They beat into retreat, shying away from confrontation, or striking a compromise (or what they believe a compromise could be!), asking for political support or cooperation in sharing power. Second, let us have a look into what recent polls indicate: populist parties, i.e. far-right parties, have more than tripled their support in Europe in the last two decades. Their leaders are in the governments of eleven countries Europe-wide, and these governments seem solid and consistently backed up by the national electorates.

The snowball-effect

It has been a case of steady growth. Some two decades ago, they were but a marginal presence, accounting for just 7 percent of votes across the continent. Back in 1998, only two European countries – certainly not the largest: Slovakia and Switzerland – had populists in government, with barely any attachment to the far-right, at least in public.

At present, and the most recent national elections have confirmed this, one in four votes cast was for a populist, far-right party. In other words, the number of Europeans ruled by a government with at least one ‘populist’ in the cabinet has increased from 12.5 million to 170 million. Perhaps this is why the Alternative für Deutschland now holds positions in every German Landtag, and has more than 90 seats in the Bundestag.

Perhaps this is why the Italian Lega Nord and the anti-establishment tax-and-spend Movimento Cinque Stelle (remember who built it up and how?) won nearly 50 percent of the popular vote. Silvio Berlusconi and his four-time electoral victory now appear like the good old days.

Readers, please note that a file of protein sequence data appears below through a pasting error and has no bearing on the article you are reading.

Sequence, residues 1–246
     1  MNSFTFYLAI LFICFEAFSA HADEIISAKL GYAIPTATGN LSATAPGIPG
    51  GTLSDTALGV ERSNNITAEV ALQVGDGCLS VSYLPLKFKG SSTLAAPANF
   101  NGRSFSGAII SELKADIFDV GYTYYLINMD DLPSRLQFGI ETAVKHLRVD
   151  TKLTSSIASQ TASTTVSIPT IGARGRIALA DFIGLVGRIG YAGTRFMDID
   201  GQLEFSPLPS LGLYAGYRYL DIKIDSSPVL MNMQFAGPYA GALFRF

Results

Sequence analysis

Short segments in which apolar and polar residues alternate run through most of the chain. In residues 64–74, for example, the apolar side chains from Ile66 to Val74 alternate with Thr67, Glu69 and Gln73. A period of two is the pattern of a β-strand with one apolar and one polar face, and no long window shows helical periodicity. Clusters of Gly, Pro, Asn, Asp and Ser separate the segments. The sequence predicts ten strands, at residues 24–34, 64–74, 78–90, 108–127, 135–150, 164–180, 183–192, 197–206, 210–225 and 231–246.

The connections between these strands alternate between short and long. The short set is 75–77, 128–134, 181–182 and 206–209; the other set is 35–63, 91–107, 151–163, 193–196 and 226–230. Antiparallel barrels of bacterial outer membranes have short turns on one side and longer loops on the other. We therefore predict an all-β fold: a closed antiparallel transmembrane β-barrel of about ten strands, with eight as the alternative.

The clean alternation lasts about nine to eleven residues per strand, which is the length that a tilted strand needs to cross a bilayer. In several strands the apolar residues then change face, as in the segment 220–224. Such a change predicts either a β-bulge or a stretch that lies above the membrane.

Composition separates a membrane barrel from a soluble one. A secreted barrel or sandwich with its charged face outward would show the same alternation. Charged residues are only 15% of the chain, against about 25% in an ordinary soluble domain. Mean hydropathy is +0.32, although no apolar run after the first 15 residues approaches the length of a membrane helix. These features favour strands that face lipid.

In the Netherlands, if one needs further evidence, it is Geert Wilders’ Freedom Party (all these parties are about ‘freedom’, you see?) which has now become the second-largest parliamentary force. Even the extreme left-wing parties are gaining momentum, although less successful than their far-right counterparts: Podemos, in Spain, looks vital, as does La France Insoumise of Jean-Luc Mélenchon.

The tide began to turn in the early 2000s, when the Dutch establishment was rocked by the rapid rise of Pim Fortuyn, quickly followed by Jean-Marie Le Pen’s presence in the 2002 presidential runoff vote.

Although France will remain a privileged partner, the Franco-German cooperation should not be, according to Berlin, at the expense of internal EU cohesion.

Three years later, referenda in France and the Netherlands rejected the draft EU constitution. This was only the beginning. Since then, anti-establishment populism, gradually turning towards the political extreme, has snowballed, embracing the arguments offered by the 2008 financial crash and the recent refugee crisis.